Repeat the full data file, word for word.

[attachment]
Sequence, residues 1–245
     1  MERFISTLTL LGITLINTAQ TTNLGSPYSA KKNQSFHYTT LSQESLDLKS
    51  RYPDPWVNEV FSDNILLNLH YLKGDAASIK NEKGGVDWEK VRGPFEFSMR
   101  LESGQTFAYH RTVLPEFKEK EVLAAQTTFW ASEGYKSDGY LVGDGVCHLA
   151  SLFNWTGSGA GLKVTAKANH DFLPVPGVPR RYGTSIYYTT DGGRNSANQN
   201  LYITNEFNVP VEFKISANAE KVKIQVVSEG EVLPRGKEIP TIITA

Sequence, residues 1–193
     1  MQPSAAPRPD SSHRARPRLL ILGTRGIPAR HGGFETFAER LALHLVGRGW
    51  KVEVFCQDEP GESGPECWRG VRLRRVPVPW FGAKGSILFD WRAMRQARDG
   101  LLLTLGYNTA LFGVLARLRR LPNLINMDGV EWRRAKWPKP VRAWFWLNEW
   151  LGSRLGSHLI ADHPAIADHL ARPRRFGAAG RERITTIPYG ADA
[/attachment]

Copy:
Sequence, residues 1–245
     1  MERFISTLTL LGITLINTAQ TTNLGSPYSA KKNQSFHYTT LSQESLDLKS
    51  RYPDPWVNEV FSDNILLNLH YLKGDAASIK NEKGGVDWEK VRGPFEFSMR
   101  LESGQTFAYH RTVLPEFKEK EVLAAQTTFW ASEGYKSDGY LVGDGVCHLA
   151  SLFNWTGSGA GLKVTAKANH DFLPVPGVPR RYGTSIYYTT DGGRNSANQN
   201  LYITNEFNVP VEFKISANAE KVKIQVVSEG EVLPRGKEIP TIITA

Sequence, residues 1–193
     1  MQPSAAPRPD SSHRARPRLL ILGTRGIPAR HGGFETFAER LALHLVGRGW
    51  KVEVFCQDEP GESGPECWRG VRLRRVPVPW FGAKGSILFD WRAMRQARDG
   101  LLLTLGYNTA LFGVLARLRR LPNLINMDGV EWRRAKWPKP VRAWFWLNEW
   151  LGSRLGSHLI ADHPAIADHL ARPRRFGAAG RERITTIPYG ADA